The courage of the bodhisattva may inspire us, but the idea of consenting to suffer is difficult to accept.  However, as the Dalai Lama mentions, suffering has a beneficial side.  When we realize that our existence is conditioned and characterized by suffering, then we see there is a possibility of not only personal but also universal liberation. Suffering stimulates our thoughts and motivates us toward liberation. The mind can change its poison into healing medicine, our negative thoughts can be transformed into wisdom, and what seems unbearable in the beginning, becomes easier to bear.

Even when the wise are suffering, their minds are serene; for when war is waged against mental afflictions, many injuries are inflicted in the battle.”

Shantideva’s Bodhicaryavatara, Chapter Six “The Perfection of Patience,” Verse 19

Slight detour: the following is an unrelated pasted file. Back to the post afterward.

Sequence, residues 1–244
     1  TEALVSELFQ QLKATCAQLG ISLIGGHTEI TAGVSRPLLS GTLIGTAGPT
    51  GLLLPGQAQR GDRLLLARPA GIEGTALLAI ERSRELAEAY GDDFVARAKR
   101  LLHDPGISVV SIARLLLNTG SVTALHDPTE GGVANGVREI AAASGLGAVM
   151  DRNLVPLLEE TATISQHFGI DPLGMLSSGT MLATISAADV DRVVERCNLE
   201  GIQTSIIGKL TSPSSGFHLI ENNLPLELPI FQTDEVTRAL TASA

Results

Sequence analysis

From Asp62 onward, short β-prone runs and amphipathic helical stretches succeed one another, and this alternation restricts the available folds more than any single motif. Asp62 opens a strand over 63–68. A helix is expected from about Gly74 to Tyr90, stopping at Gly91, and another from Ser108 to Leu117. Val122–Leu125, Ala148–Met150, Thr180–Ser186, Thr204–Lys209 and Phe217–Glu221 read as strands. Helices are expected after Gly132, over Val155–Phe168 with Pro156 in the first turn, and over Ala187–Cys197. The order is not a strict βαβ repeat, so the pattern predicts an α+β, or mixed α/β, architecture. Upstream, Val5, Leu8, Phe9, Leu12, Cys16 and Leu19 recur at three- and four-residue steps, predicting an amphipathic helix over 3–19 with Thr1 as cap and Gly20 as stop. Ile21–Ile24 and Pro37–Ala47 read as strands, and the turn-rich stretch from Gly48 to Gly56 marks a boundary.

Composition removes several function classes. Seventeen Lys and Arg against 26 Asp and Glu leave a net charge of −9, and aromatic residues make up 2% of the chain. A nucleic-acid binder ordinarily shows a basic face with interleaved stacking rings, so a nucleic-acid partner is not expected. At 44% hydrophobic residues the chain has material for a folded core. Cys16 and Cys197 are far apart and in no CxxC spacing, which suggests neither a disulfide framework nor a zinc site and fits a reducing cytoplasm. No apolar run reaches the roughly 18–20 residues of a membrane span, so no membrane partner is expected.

– – – – – – – – – –

* From the Vajradhvaja Sutra and Aksayamati-nirdesa. Read an expanded excerpt here.


The Buddhist Barrister, Cleaning Windows

One of the first books I read about Buddhism was The Buddhist Way of Life by Christmas Humphreys. I still have the copy I purchased at a small bookstore in Omaha Nebraska in 1969. The author was an important figure in Western Buddhism at one time and he was born on this day in 1901.

220px-Christmas-humphreysHumphreys (who passed away in 1983) was a British lawyer, writer and poet, and founder of an organization that later became the Buddhist Society of London, one of the oldest Buddhist groups outside Asia. Like many Western Buddhists of that time, he started off with Theosophy. During the 1920s when he attended Cambridge, he joined the Cambridge Lodge of the Theosophical Society, eventually becoming its President. His attention shifted to Buddhism after some interaction with W.T. Rhys Davids, the famous scholar of Pali and founder of the Pali Text Society and attending some lectures by early British Buddhists Allan Bennett (Ananda Metteya) and Francis Payne.